Chalk up this downtown arts festival as a success
Some arts festivals have specific rules for vendors of what’s allowed and what isn’t, but up-and-coming events such as the Queen of the Prairies Festival of the Arts have looser standards.
That leads to an eclectic mix. At Saturday’s second annual event, visitors could see paintings, ceramics, sidewalk chalk art, commercial crafts, musicians, a blacksmith, actors dressed as historical figures, horses ... and motorcycles.
“I don’t think too many bikers are going to be roaring down the road with a painting strapped to their back, but you never know,” joked ceramic artist Alan Weaver.
It was all about promoting downtown Sedalia, Weaver said.
“You know, we’re trying to get this one going, and it’s cool to see Sedalia looking like this. They’ve done all this work downtown on the streets, and that’s the reason to have a historic district — to promote stuff like this.”
A veteran “clay bender,” this marks Weaver’s first year as a “road warrior” — an artist who peddles his wares at festivals — and he said there’s almost as much to learn about hawking one’s goods as there is about creating them.
“This is the sixth one I’ve been to,” he said. “I’ve been as far as Des Moines (Iowa) and Springfield. Missouri is a good locale for being able to hit a lot of states. At every show, I’ve learned a little bit. Actually, I’m doing as good here as I did in Des Moines. There were about 250 artists there; any more than about 200 and that becomes almost too many artists.”
Queen of the Prairies drew 40 artists — mostly from Sedalia, but one from as far away as Chicago. That’s nearly double last year’s total. There was also a decent crowd on hand, which made picking the nine strolling docents out of the throng a challenge along the lines of “Where’s Waldo?”
Paul Beard, a Sedalia judge, portrayed John Homer Bothwell as part of the “Historic Celebrity Bingo” game. Being youthful-looking, he sported a fake mustache to look more like an elderly Bothwell.
“I found an individual who’s an expert on Bothwell; he emailed me and I wrote up a little skit to share with the public when they ask me who I am,” Beard said. “They would spot me and start walking toward me and I would start my spiel. I wanted to give them the history of John Homer, since he has a lot to do with the history of Sedalia. I got to tell them about the state fair, the hotel, the lodge, the hospital.
“It’s a nice way to commemorate the history of our neat little town.”
Don Nichols brought history to life at his blacksmith booth. The Sedalia-based owner of Rusty Hammer Forge, Nichols gave demonstrations that drew children to his tent like moths to a flame. Working with hot iron at a temperature of more than 2,000 degrees, he made sure to outline the three rules of blacksmithing, all of which are: “Don’t touch anything behind the table; it might be hot.”
Blacksmithing — a trade, an art and a craft — fits in at several types of fairs.
“This is the first year we’ve been here and it’s really been nice,” said Joyce Nichols, Don’s wife. “We do (the Heritage Craft Festival in) Arrow Rock next month, and we were at Lexington last weekend at a rendezvous for three days, and next week he’ll be down at Cole Camp — there’s an antique steam engine show.”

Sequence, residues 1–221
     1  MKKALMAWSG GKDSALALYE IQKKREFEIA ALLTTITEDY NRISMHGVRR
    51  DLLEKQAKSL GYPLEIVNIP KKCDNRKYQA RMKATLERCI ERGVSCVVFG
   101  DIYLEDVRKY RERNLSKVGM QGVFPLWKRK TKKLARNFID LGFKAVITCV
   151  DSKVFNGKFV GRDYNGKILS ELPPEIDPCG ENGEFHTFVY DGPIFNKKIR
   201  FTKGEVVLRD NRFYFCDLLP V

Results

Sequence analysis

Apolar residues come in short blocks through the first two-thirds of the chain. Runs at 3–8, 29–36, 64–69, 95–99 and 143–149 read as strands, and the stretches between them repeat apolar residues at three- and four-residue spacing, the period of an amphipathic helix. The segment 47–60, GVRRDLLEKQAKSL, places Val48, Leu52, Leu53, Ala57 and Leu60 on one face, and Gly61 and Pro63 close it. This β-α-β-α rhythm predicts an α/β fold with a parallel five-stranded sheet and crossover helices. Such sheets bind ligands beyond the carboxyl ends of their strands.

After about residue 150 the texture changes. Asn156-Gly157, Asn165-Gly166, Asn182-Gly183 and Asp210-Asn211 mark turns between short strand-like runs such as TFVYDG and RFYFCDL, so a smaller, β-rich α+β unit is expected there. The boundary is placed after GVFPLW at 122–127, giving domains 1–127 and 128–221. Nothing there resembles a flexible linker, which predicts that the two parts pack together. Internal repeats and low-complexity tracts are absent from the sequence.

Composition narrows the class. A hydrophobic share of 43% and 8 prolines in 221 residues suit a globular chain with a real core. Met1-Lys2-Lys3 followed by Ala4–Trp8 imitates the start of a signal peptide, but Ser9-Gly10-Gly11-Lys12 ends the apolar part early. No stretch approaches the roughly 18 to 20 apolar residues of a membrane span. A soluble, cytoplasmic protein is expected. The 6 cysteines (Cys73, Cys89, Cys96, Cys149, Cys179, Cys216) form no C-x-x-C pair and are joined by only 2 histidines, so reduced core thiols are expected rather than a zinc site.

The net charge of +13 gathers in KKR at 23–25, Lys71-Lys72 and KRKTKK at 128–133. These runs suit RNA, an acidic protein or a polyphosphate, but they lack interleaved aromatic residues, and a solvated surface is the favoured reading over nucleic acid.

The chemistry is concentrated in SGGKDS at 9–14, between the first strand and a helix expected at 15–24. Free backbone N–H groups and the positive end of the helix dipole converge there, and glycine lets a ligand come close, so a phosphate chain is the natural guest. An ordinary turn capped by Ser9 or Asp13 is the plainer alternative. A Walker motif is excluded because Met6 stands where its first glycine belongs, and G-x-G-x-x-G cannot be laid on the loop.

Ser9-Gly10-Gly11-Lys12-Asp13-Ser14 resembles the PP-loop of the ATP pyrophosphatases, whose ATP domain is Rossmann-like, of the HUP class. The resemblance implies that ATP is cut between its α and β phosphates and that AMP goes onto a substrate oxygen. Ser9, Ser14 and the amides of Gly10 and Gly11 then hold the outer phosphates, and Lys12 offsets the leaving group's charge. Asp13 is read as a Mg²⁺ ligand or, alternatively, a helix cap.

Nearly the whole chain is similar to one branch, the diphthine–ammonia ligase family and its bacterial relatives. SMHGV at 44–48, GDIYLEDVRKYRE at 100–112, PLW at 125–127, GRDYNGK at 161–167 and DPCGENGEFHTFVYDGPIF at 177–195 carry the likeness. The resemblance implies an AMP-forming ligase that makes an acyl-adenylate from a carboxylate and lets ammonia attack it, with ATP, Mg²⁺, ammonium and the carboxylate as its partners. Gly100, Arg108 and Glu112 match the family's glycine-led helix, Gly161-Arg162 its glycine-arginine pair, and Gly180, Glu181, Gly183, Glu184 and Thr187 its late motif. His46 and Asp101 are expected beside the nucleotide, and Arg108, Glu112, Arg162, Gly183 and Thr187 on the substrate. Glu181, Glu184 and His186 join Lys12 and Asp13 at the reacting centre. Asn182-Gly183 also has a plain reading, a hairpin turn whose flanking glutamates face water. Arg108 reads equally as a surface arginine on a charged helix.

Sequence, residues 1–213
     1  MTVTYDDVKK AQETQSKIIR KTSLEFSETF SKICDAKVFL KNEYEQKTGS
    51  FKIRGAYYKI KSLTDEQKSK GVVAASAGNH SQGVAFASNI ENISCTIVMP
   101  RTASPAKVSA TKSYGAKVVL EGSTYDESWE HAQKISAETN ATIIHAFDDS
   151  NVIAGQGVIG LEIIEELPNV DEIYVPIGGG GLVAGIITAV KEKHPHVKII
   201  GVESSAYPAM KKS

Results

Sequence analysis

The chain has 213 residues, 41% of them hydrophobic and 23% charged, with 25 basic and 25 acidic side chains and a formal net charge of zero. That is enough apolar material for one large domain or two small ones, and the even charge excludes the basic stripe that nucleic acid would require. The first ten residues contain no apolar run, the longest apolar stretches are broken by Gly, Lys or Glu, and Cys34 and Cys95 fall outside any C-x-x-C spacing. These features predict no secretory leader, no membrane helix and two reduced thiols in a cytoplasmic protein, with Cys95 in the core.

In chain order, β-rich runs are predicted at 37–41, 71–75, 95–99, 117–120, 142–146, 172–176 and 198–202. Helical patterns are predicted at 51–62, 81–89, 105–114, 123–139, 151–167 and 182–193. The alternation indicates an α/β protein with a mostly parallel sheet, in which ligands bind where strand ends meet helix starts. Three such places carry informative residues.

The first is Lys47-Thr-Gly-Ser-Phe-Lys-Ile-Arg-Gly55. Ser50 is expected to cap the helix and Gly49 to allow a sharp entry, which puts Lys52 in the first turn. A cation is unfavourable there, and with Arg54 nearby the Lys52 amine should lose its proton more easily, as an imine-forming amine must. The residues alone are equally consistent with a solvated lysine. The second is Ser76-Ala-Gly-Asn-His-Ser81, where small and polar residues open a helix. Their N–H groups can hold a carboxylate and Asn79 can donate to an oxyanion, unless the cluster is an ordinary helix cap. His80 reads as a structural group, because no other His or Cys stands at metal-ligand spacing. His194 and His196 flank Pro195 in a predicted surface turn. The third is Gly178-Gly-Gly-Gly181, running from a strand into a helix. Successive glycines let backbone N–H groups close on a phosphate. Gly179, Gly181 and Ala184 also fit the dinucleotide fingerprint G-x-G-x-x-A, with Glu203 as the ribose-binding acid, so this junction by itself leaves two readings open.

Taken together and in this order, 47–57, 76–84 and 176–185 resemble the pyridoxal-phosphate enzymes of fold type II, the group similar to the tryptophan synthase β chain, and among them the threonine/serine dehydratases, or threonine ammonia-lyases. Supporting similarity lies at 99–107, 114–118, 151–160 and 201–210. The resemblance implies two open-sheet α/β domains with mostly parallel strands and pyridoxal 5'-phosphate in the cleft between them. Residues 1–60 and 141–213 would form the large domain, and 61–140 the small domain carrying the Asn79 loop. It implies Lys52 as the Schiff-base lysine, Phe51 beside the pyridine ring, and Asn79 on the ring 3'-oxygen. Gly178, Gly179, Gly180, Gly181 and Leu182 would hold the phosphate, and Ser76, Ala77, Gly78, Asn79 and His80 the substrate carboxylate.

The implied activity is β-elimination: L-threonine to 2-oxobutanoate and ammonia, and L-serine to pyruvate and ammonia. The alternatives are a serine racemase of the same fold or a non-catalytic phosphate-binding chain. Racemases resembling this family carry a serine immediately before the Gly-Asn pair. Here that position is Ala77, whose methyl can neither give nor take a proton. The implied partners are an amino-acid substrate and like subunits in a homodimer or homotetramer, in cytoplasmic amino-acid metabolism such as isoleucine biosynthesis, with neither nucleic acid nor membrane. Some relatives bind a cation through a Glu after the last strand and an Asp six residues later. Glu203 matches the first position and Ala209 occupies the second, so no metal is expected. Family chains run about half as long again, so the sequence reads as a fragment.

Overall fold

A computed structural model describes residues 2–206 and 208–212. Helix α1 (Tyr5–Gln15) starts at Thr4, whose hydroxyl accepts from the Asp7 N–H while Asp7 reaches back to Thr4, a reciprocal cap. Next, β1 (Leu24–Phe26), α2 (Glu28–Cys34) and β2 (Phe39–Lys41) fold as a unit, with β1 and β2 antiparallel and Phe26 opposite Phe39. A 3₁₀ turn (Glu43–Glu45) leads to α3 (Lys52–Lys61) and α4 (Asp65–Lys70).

Although Don — a member of BAM, the Blacksmiths Association of Missouri — made artistic items and small tools at his booth, Joyce noted that this is not merely a trade of the past; full-time blacksmiths still find their share of work.
“If you live around the big cities, a lot of those blacksmiths, that’s their job and they make the fancy railings for the big houses,” she said. “So a lot of men get into it full-time. They make chandeliers, hinges for doors, all kinds of things.”
The festival didn’t only include veteran artists; it also featured amateurs, particularly at the “Chalk It Up!” contest. Sahori Ramirez and Blank Briones, both 2012 Smith-Cotton High School graduates, took second place. It was Ramirez’s first year competing; Briones also took second place for her “Roger Rabbit” drawing with another partner last year.
Getting into the Halloween spirit — appropriate, since Saturday was the first day of fall, with a briskness in the air — the friends drew a ghost and a pumpkin over four squares of the sidewalk.
“She specialized on the (ghost) head and I specialized on the pumpkin,” Briones said. “I called her up and we came up with a quick sketch. We’re gonna go again next year and try to get first place.”
As she packed up her chalk for the day, Briones made sure to snap a picture of the art. She was told that it would be intentionally washed away in three weeks, even if the weather didn’t get to it first. But she wasn’t too offended by that, as she gestured toward professional artist Craig Thomas, who was putting the finishing touches on his motorcycle drawing in front of the Pettis County Courthouse.
“They’re going to wash his away, too,” she said.
Although the arts vendors closed shop in the early evening, the festival will continue into Saturday night: Nashville, Tenn., country musician Tyler Farr will take the stage at about 6:30 p.m. at the intersection of Fifth Street and Ohio Avenue. Admission is free.
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